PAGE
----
Doesnt need to do an equivalent job by law in this country.

ALL it needs to do is work.

> Besides that I haven't seen anywhere that the Motherboard the COA is
> tied to has to be working, maybe one could just screw it to the
> inside of the case, or even shred it and leave it in a plastic bag
> inside. :-)
> :-)
> :-)


Dont need to do anything like that legally.



Lawrence D'Oliveiro 10-11-2010 10:38 AM

Re: Windows activation after M/B replacement
 
In message <8hg1sfFeiU1@mid.individual.net>, Rod Speed wrote:

> Lawrence D'Oliveiro wrote
>
>> qmod wrote

>
>>> Is it me (done something wrong) or has Microsoft changed things when
>>> doing a repair installation after replacing the motherboard/cpu
>>> combination

>
>> Technically, it's not the same PC any more.

>
> Wrong when its just the motherboard that is changed.


But the motherboard is the essence of the PC.

>> When you get a PC with OEM Windows preinstalled,
>> the licence is only valid for that PC,

>
> There is no 'licence' whatever MS claims.


If there is no “licence”, then you have no permission to use the software,
since the licence is the only thing that grants that.

> You bought a product at retail and whatever MS claims, you are
> legally entitled to have that continue to work even if the motherboard
> does need to be changed when it fails or you upgrade it etc.


But the only thing that legally entitles you to that is the licence. If that
is invalid, then you have no entitlement.

Lawrence D'Oliveiro 10-11-2010 11:19 AM

Re: Windows activation after M/B replacement
 
In message <i8uf6n$usq$1@news.albasani.net>, PeeCee wrote:

> Besides that I haven't seen anywhere that the Motherboard the COA is tied
> to has to be working ...


Well, there is the fact that Windows itself is checking for it.

atec77 10-11-2010 11:29 AM

Re: Windows activation after M/B replacement
 
On 11/10/2010 9:19 PM, Lawrence D'Oliveiro wrote:
> In message<i8uf6n$usq$1@news.albasani.net>, PeeCee wrote:
>
>> Besides that I haven't seen anywhere that the Motherboard the COA is tied
>> to has to be working ...

>
> Well, there is the fact that Windows itself is checking for it.

taking only seconds to stop
are you in the employ or an agent of Microsoft ?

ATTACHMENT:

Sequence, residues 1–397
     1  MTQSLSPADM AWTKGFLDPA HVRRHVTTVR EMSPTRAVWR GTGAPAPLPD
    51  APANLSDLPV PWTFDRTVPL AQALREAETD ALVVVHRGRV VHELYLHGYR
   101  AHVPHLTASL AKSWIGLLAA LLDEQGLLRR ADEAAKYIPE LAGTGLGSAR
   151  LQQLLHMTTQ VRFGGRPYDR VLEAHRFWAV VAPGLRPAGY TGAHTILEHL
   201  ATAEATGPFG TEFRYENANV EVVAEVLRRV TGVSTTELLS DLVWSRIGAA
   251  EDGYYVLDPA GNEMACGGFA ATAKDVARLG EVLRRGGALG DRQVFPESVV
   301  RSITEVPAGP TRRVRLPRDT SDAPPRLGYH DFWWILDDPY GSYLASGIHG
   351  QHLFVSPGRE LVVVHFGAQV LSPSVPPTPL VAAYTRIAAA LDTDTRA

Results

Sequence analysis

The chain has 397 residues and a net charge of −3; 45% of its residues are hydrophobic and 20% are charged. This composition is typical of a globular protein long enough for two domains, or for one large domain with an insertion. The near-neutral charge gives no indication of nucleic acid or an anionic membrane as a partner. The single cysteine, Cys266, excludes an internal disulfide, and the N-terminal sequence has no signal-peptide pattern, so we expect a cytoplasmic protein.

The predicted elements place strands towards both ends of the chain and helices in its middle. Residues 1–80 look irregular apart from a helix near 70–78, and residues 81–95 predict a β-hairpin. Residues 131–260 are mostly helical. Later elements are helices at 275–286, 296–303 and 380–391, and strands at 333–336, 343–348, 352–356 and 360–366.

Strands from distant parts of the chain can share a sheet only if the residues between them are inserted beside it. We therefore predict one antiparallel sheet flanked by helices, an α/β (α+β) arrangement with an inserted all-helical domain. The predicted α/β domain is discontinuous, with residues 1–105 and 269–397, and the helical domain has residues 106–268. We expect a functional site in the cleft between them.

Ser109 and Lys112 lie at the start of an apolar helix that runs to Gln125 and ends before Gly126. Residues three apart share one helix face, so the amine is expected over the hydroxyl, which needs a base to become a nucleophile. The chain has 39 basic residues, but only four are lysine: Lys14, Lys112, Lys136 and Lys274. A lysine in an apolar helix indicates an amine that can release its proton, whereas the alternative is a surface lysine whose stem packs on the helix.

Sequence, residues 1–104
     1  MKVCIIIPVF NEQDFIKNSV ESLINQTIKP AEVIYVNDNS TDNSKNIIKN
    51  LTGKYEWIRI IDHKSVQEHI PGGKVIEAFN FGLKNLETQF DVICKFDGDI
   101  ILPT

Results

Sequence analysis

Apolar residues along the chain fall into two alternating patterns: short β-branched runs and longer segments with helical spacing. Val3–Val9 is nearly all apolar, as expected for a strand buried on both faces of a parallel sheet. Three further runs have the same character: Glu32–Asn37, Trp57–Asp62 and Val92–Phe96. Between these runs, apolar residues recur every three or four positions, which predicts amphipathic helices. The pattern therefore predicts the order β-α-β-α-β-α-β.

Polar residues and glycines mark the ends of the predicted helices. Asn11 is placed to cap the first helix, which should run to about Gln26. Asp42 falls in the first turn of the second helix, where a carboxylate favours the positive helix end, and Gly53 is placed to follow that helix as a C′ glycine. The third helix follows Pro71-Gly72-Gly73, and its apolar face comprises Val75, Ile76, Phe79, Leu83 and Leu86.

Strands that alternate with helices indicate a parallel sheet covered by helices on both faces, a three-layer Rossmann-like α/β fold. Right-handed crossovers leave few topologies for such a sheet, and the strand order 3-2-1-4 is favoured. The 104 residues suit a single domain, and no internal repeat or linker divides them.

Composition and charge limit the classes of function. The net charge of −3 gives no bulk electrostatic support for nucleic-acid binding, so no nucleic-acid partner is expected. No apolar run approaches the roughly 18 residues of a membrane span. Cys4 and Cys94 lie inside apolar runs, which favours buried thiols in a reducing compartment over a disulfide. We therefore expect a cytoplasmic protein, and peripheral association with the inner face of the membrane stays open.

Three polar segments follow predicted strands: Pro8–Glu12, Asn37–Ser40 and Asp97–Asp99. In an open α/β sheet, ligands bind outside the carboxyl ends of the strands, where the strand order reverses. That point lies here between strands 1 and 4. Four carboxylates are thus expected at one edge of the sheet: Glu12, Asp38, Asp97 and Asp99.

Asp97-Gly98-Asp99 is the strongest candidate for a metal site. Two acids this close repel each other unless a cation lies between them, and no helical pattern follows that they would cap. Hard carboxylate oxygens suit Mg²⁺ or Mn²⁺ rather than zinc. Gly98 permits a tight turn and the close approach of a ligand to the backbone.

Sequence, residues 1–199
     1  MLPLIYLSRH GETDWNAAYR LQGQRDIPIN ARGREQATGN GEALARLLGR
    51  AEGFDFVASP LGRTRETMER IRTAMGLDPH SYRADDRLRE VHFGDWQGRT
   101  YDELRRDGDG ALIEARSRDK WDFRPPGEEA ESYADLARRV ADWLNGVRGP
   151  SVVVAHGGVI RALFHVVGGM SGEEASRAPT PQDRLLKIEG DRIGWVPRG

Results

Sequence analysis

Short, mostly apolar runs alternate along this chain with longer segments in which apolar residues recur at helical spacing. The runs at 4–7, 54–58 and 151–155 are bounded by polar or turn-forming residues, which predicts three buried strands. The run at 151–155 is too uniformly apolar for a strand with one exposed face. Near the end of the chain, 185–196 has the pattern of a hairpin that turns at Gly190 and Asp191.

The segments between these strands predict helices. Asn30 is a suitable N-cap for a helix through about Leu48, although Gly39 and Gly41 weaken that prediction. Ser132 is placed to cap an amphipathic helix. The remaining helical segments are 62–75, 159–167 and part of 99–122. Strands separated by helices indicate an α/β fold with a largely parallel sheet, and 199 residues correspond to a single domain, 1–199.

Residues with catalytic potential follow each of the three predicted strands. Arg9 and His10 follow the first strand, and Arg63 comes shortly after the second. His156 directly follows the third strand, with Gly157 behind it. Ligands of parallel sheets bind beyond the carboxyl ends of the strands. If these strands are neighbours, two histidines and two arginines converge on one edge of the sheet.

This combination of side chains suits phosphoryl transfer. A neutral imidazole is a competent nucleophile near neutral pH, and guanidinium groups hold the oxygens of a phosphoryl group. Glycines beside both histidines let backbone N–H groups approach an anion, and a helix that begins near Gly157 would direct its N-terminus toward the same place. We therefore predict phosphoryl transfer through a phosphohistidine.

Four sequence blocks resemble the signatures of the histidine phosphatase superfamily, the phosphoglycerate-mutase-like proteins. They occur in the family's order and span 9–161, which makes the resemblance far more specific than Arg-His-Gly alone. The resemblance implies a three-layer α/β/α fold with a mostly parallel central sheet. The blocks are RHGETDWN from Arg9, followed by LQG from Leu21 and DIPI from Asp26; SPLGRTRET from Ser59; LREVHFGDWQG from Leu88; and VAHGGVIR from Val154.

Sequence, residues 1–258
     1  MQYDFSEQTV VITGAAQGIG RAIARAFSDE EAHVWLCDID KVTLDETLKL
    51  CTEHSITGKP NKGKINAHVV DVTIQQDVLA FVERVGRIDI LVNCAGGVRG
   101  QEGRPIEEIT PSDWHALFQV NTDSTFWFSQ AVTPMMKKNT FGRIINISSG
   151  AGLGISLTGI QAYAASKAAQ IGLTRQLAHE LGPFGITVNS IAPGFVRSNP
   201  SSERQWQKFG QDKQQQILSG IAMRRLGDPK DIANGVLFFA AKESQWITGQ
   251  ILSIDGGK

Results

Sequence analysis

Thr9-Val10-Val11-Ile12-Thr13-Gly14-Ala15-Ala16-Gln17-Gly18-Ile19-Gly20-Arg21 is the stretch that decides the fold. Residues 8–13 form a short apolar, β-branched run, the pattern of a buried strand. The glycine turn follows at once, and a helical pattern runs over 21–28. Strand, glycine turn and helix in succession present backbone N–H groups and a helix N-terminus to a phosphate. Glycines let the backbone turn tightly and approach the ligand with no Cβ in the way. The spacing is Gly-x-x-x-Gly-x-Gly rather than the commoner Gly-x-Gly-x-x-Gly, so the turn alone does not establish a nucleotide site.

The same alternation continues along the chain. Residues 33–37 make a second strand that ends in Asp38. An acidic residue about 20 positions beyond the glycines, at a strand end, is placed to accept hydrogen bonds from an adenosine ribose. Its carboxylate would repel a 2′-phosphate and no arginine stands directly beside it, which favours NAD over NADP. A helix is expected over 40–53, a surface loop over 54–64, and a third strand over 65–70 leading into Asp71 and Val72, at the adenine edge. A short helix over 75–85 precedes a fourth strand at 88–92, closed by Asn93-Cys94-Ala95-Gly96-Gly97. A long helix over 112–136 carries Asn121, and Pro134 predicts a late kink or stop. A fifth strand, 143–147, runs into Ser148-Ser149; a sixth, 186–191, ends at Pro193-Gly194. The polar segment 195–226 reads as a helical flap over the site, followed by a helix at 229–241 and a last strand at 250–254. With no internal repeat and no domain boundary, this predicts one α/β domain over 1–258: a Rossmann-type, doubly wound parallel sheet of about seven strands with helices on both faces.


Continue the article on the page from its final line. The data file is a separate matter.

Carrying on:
--
X-No-Archive: Yes


Rod Speed 10-11-2010 05:26 PM

Re: Windows activation after M/B replacement
 
Lawrence D'Oliveiro wrote
> Rod Speed wrote
>> Lawrence D'Oliveiro wrote
>>> qmod wrote


>>>> Is it me (done something wrong) or has Microsoft
>>>> changed things when doing a repair installation after
>>>> replacing the motherboard/cpu combination


>>> Technically, it's not the same PC any more.


>> Wrong when its just the motherboard that is changed.


> But the motherboard is the essence of the PC.


Wrong, the cpu is if anything is.

>>> When you get a PC with OEM Windows preinstalled,
>>> the licence is only valid for that PC,


>> There is no 'licence' whatever MS claims.


> If there is no "licence", then you have no permission to use the
> software, since the licence is the only thing that grants that.


Wrong again, the law is what grants that when you buy the PC.

>> You bought a product at retail and whatever MS claims, you are
>> legally entitled to have that continue to work even if the motherboard
>> does need to be changed when it fails or you upgrade it etc.


> But the only thing that legally entitles you to that is the licence.


Wrong, as always. Its the sale that allows you to use the OS.

> If that is invalid, then you have no entitlement.


Wrong, as always. Under Australian and NZ law, its the retail
sale that legally allows you to use that OS and the hardware.

And that is precisely what the purported 'licence' actually says
too, it clearly says that the law overrides whats in the purported
'licence' which the buyer of the PC never signed up to anyway.



Rod Speed 10-11-2010 05:39 PM

Re: Windows activation after M/B replacement
 
Lawrence D'Oliveiro wrote
> PeeCee wrote


>> Besides that I haven't seen anywhere that the
>> Motherboard the COA is tied to has to be working ...


> Well, there is the fact that Windows itself is checking for it.


No it doesnt in the sense that it checks a serial number etc.



peterwn 10-11-2010 10:19 PM

Re: Windows activation after M/B replacement
 
On Oct 11, 10:30*pm, "Rod Speed" <rod.speed....@gmail.com> wrote:
> PeeCee wrote
>
> > Lawrence D'Oliveiro *wrote
> >> qmod wrote
> >>> Is it me (done something wrong) or has Microsoft changed things when
> >>> doing a repair installation after replacing the motherboard/cpu combination
> >> Technically, it's not the same PC any more. When you get a PC with OEM
> >> Windows preinstalled, the licence is only valid for that PC, you can't
> >> transfer it to another one.

> > Technically correct from what I can see,

>
> Nope, not in this country.


Which country are you referring to mate? I thought you were in Oz.